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iMovie '09: Speed Clips up to 2,000%

iMovie '09 brings back the capability to speed up or slow down clips, which went missing in iMovie '08. Select a clip and bring up the Clip Inspector by double-clicking the clip, clicking the Inspector button on the toolbar, or pressing the I key. Just as with its last appearance in iMovie HD 6, you can move a slider to make the video play back slower or faster (indicated by a turtle or hare icon).

You can also enter a value into the text field to the right of the slider, and this is where things get interesting. You're not limited to the tick mark values on the slider, so you can set the speed to be 118% of normal if you want. The field below that tells you the clip's changed duration.

But you can also exceed the boundaries of the speed slider. Enter any number between 5% and 2000%, then click Done.

Visit iMovie '09 Visual QuickStart Guide

 
 

iTunes 9.0.3

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Apple has released a small but helpful bug-fix update for iTunes. Version 9.0.3 fixes an issue that prevented the "Remember password for purchases" setting from being enabled, addresses problems with syncing certain smart playlists and podcasts with unspecified iPod models, and resolves a bug that caused problems in recognizing connections with some iPods. Apple says the update also improves general stability and performance. The update is available via Software Update or from Apple's Web site. (Free, 90.82 MB)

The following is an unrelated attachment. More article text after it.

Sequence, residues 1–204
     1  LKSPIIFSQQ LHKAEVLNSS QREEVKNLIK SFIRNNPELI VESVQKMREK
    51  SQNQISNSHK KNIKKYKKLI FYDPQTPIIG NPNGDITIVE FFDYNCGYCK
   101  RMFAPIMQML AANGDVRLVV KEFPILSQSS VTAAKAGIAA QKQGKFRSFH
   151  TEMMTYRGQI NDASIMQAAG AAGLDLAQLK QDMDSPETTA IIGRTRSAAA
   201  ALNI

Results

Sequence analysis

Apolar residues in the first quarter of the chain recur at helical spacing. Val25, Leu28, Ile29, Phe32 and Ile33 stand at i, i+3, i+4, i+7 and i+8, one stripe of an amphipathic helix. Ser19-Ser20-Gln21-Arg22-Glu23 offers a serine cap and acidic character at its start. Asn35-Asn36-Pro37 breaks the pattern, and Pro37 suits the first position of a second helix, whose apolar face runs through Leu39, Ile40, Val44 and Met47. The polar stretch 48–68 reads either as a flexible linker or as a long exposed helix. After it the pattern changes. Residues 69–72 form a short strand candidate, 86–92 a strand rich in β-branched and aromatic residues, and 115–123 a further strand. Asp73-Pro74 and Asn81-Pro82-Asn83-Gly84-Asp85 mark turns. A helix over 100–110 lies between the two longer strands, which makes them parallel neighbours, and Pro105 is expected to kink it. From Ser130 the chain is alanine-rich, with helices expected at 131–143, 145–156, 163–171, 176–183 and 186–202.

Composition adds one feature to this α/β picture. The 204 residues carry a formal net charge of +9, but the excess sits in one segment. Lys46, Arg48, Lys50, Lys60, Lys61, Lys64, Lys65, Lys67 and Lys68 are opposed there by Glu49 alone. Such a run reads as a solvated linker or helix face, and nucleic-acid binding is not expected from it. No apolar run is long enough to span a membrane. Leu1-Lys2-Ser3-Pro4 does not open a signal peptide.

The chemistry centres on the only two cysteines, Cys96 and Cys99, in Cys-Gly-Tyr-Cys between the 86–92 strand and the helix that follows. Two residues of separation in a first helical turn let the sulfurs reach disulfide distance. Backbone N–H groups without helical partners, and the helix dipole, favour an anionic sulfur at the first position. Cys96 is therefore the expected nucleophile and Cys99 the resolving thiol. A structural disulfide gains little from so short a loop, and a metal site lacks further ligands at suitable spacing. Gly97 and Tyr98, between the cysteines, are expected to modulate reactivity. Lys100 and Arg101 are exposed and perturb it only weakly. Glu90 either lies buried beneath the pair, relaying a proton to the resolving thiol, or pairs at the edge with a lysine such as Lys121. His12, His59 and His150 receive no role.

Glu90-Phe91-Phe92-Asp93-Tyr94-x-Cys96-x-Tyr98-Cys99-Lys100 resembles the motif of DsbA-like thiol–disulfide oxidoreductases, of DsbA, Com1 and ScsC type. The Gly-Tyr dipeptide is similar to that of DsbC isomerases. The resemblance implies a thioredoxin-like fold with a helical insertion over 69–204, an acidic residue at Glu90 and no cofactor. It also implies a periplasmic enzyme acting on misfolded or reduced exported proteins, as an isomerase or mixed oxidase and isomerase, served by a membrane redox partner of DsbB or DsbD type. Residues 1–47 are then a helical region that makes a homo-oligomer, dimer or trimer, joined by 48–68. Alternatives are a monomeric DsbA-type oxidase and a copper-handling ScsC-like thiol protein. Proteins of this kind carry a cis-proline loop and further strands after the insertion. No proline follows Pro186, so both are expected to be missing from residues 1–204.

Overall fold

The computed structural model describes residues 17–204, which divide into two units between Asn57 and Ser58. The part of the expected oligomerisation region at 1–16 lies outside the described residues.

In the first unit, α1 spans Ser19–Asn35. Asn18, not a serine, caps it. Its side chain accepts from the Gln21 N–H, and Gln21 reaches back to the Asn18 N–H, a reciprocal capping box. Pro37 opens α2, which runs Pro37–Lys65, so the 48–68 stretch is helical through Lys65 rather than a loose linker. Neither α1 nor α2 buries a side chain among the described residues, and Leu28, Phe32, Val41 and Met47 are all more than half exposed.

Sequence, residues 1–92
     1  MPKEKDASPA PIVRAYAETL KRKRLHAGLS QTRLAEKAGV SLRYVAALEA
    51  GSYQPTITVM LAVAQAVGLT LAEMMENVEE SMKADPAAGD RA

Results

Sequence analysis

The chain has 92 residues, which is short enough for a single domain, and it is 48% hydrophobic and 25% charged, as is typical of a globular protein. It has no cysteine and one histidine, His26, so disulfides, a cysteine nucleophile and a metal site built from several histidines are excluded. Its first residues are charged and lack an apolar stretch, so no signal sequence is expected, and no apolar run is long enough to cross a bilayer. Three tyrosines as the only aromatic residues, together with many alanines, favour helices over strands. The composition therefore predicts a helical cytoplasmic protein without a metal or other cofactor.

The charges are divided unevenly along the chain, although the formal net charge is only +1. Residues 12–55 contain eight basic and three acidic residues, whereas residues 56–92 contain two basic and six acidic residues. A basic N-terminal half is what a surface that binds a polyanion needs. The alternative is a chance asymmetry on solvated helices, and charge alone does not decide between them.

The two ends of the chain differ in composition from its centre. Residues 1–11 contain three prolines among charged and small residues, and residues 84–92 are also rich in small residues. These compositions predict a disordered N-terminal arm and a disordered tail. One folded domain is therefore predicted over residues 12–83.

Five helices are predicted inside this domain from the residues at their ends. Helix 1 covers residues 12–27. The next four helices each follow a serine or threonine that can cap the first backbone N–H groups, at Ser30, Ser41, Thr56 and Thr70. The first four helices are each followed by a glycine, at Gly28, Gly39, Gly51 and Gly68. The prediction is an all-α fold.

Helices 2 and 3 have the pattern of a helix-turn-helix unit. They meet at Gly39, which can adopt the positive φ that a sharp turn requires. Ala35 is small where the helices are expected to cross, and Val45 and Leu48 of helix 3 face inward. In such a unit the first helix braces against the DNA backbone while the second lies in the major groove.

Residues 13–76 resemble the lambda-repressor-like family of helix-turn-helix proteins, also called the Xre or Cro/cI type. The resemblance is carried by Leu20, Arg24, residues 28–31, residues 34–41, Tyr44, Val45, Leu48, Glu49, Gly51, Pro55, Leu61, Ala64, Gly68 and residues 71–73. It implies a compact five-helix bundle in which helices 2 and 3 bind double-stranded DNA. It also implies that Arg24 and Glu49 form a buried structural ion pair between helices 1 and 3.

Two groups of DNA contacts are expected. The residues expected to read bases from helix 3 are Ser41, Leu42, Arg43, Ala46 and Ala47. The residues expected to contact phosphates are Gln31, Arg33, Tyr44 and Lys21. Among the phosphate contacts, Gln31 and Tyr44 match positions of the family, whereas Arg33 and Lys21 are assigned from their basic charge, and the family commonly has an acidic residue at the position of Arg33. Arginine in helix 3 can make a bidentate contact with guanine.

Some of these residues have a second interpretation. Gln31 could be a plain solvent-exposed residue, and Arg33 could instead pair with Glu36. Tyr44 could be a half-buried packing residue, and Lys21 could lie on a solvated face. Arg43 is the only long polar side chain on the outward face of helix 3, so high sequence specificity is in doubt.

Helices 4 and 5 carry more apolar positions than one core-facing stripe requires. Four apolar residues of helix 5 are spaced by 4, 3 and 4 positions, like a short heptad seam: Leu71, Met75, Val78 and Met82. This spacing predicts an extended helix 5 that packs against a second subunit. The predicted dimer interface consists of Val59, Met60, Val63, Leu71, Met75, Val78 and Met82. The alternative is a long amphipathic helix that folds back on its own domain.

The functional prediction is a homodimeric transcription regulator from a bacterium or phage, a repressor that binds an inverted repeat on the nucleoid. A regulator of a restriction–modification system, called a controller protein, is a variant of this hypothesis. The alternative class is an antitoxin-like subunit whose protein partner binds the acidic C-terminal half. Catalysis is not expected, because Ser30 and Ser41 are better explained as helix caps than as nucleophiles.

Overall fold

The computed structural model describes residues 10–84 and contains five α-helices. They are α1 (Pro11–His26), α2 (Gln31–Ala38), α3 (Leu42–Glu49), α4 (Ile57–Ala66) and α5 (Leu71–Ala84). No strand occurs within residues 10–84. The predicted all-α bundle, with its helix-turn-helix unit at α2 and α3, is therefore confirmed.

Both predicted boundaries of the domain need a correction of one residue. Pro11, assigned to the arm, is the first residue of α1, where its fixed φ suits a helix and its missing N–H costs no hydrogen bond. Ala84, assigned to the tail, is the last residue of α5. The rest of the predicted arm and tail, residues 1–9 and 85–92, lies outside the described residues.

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Comments about iTunes 9.0.3
(Comments are closed.)

V. JOHNSON  2010-02-08 09:04
I'm impressed with iTunes 9.0.3. However, I want to know if iTunes 9.0.3 allows more than 80 minutes of music to be burned on a CD without using the MP3 format.
Adam Engst  An apple icon for a TidBITS Staffer 2010-02-08 09:05
I'm no expert on burning CDs, but my understanding is that when making an audio CD (as opposed to a data CD containing audio in MP3 format), you're limited to what the disc can do (usually marked on the disc or package). I don't believe iTunes has any control over that.
Glenn Fleishman  2010-02-08 10:32
Adam's correct. There's a set of specs for audio CDs (the Red Book), and it defines 79.8 minutes as the longest sum of recordings that may be made in that format. iTunes (nor any CD burning software) cannot write more music than that for discs to be played back in any compatible audio CD player using the audio CD format.
David Gordon  2010-02-09 01:58
It seems that 9.0.3 has re-introduced the annoying bug that stops the zoom control bringing up the Mini Player. Hope they bring that back.